A Purdue research study was published Aug. 8 showing that a substance previously used for Alzheimer's disease and atherosclerosis could be used for weight loss.

The study found that when ACAT, an enzyme, was used on mice, they lost weight over time.

“This study began with our simple question: ‘What is the role of cholesterol in adipose biology in terms of obesity?’” asked Kee-Hong Kim, associate professor in Food Science at Purdue University.

Kim and Yuyan Zhu, a 2016 Purdue alumna, are corresponding authors for the study. They are also inventors for a patent filed in 2017 by Purdue University that focuses on a drug which induces food supression and ultimately leads to weight loss for obese individuals.

They have filed two more patents this year, both revolving around the use of the enzyme ACAT. One uses this drug as a method for using an injection to treat hyperphagia, a disorder which causes individuals to never feel full, according to Mayo Clinic.

“When we move onto the clinical trials we do want to determine what type of obese patients we want to target to first,” Zhu said. “We would like to target patients with hyperphagia symptoms first. If it is effective, we can move on or expand it to a bigger population.”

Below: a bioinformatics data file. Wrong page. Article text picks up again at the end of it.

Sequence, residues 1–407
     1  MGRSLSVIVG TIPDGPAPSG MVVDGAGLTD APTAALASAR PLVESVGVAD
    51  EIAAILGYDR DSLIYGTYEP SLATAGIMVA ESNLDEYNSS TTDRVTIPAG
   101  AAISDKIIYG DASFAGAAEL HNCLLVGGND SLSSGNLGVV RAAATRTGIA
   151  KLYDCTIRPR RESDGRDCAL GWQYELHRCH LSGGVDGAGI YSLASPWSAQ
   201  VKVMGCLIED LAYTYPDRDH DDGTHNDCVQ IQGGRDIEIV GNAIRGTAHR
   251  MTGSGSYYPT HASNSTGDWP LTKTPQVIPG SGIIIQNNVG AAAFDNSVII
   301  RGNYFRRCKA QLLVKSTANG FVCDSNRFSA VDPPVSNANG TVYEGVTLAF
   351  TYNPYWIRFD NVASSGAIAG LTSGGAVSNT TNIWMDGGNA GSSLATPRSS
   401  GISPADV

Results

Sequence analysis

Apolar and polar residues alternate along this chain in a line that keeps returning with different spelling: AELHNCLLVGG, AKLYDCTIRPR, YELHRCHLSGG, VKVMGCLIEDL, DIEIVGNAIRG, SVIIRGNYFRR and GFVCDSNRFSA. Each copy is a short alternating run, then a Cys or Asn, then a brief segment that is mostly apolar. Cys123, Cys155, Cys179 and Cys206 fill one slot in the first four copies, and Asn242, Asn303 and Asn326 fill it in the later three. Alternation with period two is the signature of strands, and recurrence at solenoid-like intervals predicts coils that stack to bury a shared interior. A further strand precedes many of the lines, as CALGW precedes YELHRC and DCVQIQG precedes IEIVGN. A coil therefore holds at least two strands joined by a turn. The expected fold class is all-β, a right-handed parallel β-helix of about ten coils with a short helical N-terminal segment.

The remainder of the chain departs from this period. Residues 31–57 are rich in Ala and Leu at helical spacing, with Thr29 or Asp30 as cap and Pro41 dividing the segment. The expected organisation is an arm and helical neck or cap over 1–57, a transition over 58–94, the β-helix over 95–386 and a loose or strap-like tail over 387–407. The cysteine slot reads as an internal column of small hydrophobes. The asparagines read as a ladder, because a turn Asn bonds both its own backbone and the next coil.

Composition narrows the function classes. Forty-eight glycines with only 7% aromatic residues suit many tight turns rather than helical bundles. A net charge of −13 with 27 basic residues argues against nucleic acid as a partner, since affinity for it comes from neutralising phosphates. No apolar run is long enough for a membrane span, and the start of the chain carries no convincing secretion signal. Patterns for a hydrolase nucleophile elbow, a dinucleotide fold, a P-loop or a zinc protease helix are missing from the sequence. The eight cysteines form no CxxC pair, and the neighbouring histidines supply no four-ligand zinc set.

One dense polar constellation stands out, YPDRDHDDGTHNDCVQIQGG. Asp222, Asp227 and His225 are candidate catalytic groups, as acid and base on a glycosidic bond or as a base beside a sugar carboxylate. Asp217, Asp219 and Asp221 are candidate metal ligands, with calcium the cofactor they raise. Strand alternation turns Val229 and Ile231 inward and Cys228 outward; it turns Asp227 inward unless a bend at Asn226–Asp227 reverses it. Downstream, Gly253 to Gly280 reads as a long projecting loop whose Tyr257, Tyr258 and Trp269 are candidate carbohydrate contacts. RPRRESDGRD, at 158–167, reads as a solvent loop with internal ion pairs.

ACAT has been used on humans before for treating Alzheimers, according to the U.S. National Library of Medicine Institutes of Health.

“It’s better than the other chemicals because it has already been tested in clinical trials and what we are doing is called ‘repurposing the drug,’ Zhu said. “The drug already has a good safety profile in humans. We are saying that it is not effective in treating disease ‘A’ but is effective in treating disease ‘B’.”

The Purdue Research Foundation funded the study, and the project also received funding from multiple other parties. The Purdue patent office has not responded to multiple calls for comment.

Zhu and Kim were both listed as having a conflict of interest during the study, due to Kim’s role as a founder and shareholder at EFIL Bioscience Incorporation, and both their roles as inventors for the aforementioned patent.

“(EFIL Bioscience Incorporation) is actually exploring transferring this finding from animal to human for treatment of obesity, as well as obesity-related diseases,” Kim said. “We are trying to develop a new drug formulation that is suitable for oral administration or an injection under the skin. Our goal is to move towards the licensing of our findings to currently existing pharmaceutical companies.”

As of the time of publication, no meeting or collaboration between EFIL Bioscience and other companies has occurred.

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